By Paul Wein
From the day my first column was written on March 12, 1997, I could never have fathomed that this column would last as long as it did – nor could I have fathomed the things that would occur in my life over the past five years that have helped bring this column from number one to number five hundred.
I have lived through so many things in the last five years of my life that I feel as if I have lived a lifetime. I can say with absolute confidence that I have experienced more in the last sixty months then I have in the last thirty years. There are times when I think back on all I have been through and wonder how all of what I experienced fit into a five year period – and in only five hundred columns.
Of all that I have experienced in that time – love, triumph, defeat, loss, happiness, despair, hatred, passion and horror – I am proudest of the fact that I took the time to chronicle all I have lived through. I can remember as a child wanting to have a diary so that I could record my life’s events and be able to open a book and recall them at any time, but each time I started a diary, I would never complete it. But from that first column in March of 1997 – the diary of diaries began – and has a lifetime of entries.
To be honest, there are times when I do open an old book of columns and look back at all that I have been through in amazement. Sometimes I can not even believe that I have lived through so much in so short a time – and to have taken the time to chronologically maintain an accurate record of all my experiences is something that I am truly proud of. But what I am most proud of is that my columns are not only a personal record of my life – they have become a popular column that has attracted many loyal readers – and spawned a published book.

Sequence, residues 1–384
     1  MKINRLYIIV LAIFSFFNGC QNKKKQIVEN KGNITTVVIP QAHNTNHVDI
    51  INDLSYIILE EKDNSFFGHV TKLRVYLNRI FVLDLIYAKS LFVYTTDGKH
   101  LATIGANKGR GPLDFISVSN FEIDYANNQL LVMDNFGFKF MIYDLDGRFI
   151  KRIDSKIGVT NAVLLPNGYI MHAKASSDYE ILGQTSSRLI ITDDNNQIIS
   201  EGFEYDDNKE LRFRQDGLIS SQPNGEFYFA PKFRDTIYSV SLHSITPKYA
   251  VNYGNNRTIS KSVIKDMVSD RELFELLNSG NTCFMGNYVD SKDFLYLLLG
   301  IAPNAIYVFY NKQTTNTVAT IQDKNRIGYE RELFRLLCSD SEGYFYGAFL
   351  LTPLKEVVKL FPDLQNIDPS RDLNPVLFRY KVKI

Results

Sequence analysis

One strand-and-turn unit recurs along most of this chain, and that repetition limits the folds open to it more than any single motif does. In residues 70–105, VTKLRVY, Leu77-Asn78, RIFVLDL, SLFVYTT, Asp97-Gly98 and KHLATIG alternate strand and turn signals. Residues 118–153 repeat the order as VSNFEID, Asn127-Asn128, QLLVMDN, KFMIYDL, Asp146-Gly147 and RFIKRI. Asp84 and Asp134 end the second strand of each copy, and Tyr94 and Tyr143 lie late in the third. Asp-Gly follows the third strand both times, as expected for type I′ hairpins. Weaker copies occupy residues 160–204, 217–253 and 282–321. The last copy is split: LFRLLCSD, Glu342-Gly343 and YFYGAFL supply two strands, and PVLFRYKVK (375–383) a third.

I can remember the first time I received a letter about my first column. At the time, I was unsure how the public would take to reading the exploits of a complete stranger’s life, but public support for the column came almost immediately. And even when the publisher of The Brooklyn Baron wanted to get rid of the column from it’s start to satisfy his own egotistical appetite – the readers revolted and had the column returned to the newspaper – something I will always be grateful for. And even when times came where I stopped writing the columns for one reason or another – the fans of the column stayed strong – and never lost faith even when I did.
In fact, since the beginning of this year, I began my most recent hiatus from this column. The reasons for my writing hibernation were due to the fact that I was putting the finishing touches on my book and devoted all of my time to that – and the fact that I was still so devastated over the events of September 11th – that I didn’t want to do anything other then what was absolutely required of me. This hiatus from writing lasted almost four months, with me sporadically writing a column here or there – but the hiatus ended last week when, once again – my readers revolted and demanded that I write more. Their constant support and unwavering encouragement through the column’s best and worst times is truly the driving force behind the column’s success. While my experiences and feelings may put the words to the paper – their interest and devotion to the column is what makes it last – and makes me look forward to the next thought that creeps into my head so I can put it on paper for me to chronicle – and for them to enjoy.
I can not tell you how grateful I am to those that have read about the life I have lead in these five hundred columns. Some were about happy events, some were my latest rant, some were about loves gained and loves lost – and some were so personal and so painful that tears hit my keyboard as I typed them in. But whatever the words said – they were the true and unedited account of the lifetime I have lived in the last five years. And no matter what I live through in the years ahead – it will be chronicled along with the rest of my life – in the pages of my open diary.
“And now I think of my life,
as vintage wine from fine old kegs.
From the brim to the dregs,
it poured sweet and clear.
It was a very good year.”
Robbie Williams – It Was A Very Good Year